Signal and Noise

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Chapter 5 – Signals and Noise
I.
The Signal-to-Noise Ratio
All analytical signals are composed of two components:
•
the analytical signal (instrument response).
•
random fluctuations or noise.
Noise - random fluctuations of replicate measurements made on a
continuous basis. The standard deviation ( or s) in an
instrument signal in the absence of an analytical signal.
1
Signal-to-Noise Ratio (S/N):
S
mean signal
x


N standard deviation
s
S
1

N RSD
•
The greater the noise present, the poorer the signal-to-noise ratio.
•
A better (more useful) figure of merit when comparing instrumental
methods than absolute noise (bias) since S/N reflects the relative effect
of noise on the signal.
2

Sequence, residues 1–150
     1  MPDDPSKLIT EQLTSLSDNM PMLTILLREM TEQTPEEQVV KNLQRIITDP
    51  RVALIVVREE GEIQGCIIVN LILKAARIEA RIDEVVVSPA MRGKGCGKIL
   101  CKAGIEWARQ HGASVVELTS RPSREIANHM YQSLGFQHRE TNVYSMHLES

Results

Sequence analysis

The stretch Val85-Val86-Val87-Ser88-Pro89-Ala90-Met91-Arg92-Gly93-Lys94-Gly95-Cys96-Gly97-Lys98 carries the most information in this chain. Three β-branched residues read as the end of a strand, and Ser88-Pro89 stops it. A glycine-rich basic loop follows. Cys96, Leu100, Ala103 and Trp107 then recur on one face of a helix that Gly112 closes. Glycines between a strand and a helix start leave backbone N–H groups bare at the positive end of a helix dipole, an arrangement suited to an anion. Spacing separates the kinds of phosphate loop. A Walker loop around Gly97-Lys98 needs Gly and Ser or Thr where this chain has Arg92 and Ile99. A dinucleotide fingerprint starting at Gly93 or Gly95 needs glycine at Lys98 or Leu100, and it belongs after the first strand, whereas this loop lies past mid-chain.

II. Sources of Noise
- There are two different types of noise that will affect an analysis:
chemical and instrumental noise.
A. Chemical Noise - arises from many uncontrollable variables that affect
the chemistry of the system under investigation.
Sources:
• Temperature
• Pressure
• Humidity
• Chemical Interactions
- Depends on the method (i.e. sample preparation, storage of samples,
etc.)
3
B. Instrumental Noise - each instrument component (source, input
transducer, output transducer, etc.) contributes to
the overall noise in an analytical signal derived
from an instrument.
- There are several different types of instrumental noise that all
contribute to the overall (net) noise level in the instrumental signal.
- Net noise is complex and difficult to characterize, yet there are
several recognizable types of noise whose individual sources are
understood.
• Thermal Noise
• Shot Noise
• Flicker Noise
• Environmental Noise
4
1. Thermal Noise - caused by the thermal agitation of electrons or
other charge carriers in the electronic components
(i.e. resistors, capacitors, radiation transducers,
etc.) in an instrument.
• Also commonly referred to as Johnson Noise
• Exists even when there is no current in a resistive circuit and only
disappears at absolute zero (0K or –273°C)
• Magnitude of thermal noise is given by: